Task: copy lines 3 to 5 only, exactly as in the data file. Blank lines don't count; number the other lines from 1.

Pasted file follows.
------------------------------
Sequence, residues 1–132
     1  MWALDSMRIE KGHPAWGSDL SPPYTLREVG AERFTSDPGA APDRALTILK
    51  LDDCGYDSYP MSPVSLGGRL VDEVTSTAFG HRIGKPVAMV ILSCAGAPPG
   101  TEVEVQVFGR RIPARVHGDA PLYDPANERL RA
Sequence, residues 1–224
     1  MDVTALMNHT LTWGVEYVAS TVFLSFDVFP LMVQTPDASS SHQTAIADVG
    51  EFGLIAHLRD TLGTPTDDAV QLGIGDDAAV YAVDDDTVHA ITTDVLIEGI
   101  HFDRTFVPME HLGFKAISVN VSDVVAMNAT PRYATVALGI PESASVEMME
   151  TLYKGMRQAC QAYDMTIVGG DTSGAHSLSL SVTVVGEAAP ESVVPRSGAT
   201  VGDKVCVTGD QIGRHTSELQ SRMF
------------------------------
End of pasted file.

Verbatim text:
    51  LDDCGYDSYP MSPVSLGGRL VDEVTSTAFG HRIGKPVAMV ILSCAGAPPG
   101  TEVEVQVFGR RIPARVHGDA PLYDPANERL RA
Sequence, residues 1–224